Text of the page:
Commentary on the Gospel of

Nate Romano, S.J.

“Love never fails.”  Saint Paul is adamant about this.  Love is the lodestar of his message to the Corinthians – and to us – this day.  We strive for the greatest of spiritual gifts, but Love is “a still more excellent way.”  All else fails – tongues, prophecies, knowledge, even faith – all these will fail, but yet Love remains. 

This seems quaint, clichéd perhaps.  A sort of Hallmark sentimentality for a Wal-Mart world.  The middle of this passage is oft-repeated.  And this repetition can dull the impact.  It can become the background noise to a wedding, the skipped cover on a Valentine’s day card, or the treacly lyric in an over-tuned song. 

This is not, though, what Saint Paul has in mind here.  Look back over what he says about Love --  not just the part about being patient and kind, but the whole approach. Love is what makes speech not just a clashing cymbal.  It is what gives meaning to prophecy and to works of charity and self-sacrifice.  Our faith may be enough to move mountains but, without Love, it is nothing.  Love is what takes us from the present things to the greater things; Love is what shall bring us to full and perfect knowledge.  Not faith.  Not good works.  Love.  How radical that sounded then!  And how radical it is even today!

We can recall that Jesus gives us a simple definition of Love elsewhere in the Gospel:  “No one has greater love than this, to lay down one’s life for one’s friends.”  Love is the surrender of all we hold dear and all we have, the surrender of our very selves.  As Paul says, it never fails; rather, it builds up and brings all things to fulfillment, to perfection.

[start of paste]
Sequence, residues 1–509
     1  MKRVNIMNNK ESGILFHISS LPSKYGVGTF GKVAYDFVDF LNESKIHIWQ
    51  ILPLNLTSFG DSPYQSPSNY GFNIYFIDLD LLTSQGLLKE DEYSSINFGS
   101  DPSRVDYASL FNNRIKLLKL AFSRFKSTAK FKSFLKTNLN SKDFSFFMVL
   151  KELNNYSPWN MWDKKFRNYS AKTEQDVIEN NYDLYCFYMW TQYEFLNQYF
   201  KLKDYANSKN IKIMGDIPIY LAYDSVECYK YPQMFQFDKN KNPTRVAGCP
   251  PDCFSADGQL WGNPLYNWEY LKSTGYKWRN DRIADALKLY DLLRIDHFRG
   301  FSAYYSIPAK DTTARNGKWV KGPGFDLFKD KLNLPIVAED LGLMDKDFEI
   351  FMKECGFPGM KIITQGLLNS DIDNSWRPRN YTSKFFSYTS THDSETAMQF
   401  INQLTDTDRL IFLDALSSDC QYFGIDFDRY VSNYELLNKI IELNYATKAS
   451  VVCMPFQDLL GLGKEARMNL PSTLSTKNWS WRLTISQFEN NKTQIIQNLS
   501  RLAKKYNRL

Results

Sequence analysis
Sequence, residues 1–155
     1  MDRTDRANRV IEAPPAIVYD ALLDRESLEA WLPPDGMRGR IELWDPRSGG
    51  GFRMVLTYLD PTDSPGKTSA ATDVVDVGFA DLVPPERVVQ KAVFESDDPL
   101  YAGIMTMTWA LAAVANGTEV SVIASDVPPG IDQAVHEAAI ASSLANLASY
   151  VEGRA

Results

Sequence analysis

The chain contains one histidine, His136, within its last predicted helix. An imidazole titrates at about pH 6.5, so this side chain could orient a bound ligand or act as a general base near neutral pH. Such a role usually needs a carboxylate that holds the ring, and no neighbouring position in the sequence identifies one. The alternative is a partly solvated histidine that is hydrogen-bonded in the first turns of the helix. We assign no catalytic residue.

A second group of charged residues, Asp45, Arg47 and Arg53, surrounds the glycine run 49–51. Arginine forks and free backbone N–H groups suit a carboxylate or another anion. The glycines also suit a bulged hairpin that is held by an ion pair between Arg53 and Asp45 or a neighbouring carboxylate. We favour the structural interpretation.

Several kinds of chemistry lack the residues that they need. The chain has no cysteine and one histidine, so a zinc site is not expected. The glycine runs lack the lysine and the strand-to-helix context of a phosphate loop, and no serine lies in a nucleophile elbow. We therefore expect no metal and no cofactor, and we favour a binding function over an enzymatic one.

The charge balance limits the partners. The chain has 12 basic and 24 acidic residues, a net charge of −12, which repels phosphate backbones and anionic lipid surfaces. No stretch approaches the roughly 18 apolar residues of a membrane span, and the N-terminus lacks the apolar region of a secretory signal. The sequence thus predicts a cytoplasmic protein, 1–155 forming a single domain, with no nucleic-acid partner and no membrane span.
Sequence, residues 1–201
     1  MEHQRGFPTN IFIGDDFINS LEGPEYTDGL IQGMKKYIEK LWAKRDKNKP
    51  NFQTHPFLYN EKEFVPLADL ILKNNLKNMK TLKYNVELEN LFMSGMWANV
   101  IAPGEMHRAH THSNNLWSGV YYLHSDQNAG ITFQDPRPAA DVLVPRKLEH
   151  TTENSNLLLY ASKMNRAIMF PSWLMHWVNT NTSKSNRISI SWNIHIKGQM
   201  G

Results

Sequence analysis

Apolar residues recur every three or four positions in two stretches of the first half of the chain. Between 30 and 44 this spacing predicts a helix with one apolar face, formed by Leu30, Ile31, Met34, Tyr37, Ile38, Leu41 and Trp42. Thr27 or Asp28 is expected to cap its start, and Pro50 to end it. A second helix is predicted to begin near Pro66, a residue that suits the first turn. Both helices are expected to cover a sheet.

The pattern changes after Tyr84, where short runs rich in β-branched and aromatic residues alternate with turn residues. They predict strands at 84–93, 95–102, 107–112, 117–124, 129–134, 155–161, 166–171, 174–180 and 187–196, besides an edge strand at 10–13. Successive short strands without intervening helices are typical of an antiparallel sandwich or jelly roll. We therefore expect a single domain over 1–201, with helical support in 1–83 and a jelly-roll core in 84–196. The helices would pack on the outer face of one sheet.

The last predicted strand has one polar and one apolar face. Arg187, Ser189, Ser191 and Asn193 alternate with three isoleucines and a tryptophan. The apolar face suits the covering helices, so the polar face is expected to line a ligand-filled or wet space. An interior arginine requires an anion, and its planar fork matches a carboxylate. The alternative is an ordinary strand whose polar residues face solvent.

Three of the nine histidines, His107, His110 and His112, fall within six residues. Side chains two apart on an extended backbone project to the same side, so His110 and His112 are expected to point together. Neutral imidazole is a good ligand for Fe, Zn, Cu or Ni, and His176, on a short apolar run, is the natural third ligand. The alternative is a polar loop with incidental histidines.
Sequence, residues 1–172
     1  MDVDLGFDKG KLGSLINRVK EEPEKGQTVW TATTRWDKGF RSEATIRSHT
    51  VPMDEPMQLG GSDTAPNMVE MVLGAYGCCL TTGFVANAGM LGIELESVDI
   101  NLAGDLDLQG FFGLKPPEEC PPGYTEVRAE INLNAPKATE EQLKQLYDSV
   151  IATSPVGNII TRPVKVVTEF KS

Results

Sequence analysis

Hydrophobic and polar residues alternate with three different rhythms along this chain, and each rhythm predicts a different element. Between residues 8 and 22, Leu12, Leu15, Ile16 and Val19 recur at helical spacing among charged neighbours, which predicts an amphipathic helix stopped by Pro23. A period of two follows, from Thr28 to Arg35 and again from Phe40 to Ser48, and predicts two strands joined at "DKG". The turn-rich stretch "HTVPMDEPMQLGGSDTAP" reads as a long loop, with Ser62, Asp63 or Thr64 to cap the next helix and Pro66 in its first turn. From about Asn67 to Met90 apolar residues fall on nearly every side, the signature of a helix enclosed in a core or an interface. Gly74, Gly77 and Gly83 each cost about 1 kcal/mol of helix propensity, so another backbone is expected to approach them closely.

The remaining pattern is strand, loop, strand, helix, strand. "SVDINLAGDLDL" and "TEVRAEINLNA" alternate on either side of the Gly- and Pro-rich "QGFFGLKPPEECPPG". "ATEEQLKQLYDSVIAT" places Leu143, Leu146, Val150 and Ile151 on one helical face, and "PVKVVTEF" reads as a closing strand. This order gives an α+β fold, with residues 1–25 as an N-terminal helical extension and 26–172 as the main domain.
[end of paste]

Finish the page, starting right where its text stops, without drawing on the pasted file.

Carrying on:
What then, are we to do?  The invitation for us is to critically examine what we do in our lives and why we do those things.  And to ask if we do them as loving responses.  Saint Ignatius of Loyola, as part of the Contemplation on Attaining Divine Love, one of his Spiritual Exercises, invites us to ask how we respond in Love to God’s Love for us.  For him, the response is the prayer of self-offering, his Suscipe – Take Lord, and receive all my life, my memory, my understanding, and my entire will.  All is offered in response.  Can I make a similar response in love?

And, whatever my response, does it come out of a place of Love?  Do I offer good works out of Love for those I serve?  That is, do I stand with them as brother and sister?  Or, am I doing it out of some sense of obligation, to win an award, or just habit?  Do I insist upon an orthodoxy in faith and belief out of Love for God, or out of a desire to be correct? 

None of the things Saint Paul compares to Love are bad things.  And life would be far worse off if we lost any of them.  Yet, in the absence of Love, they can and do grow twisted and gnarled. All words become clashing cymbals without the Word of Love to guide them.  And so we are invited to a deeper sense of Love in our lives.  To be guided by it.  For Love never fails.


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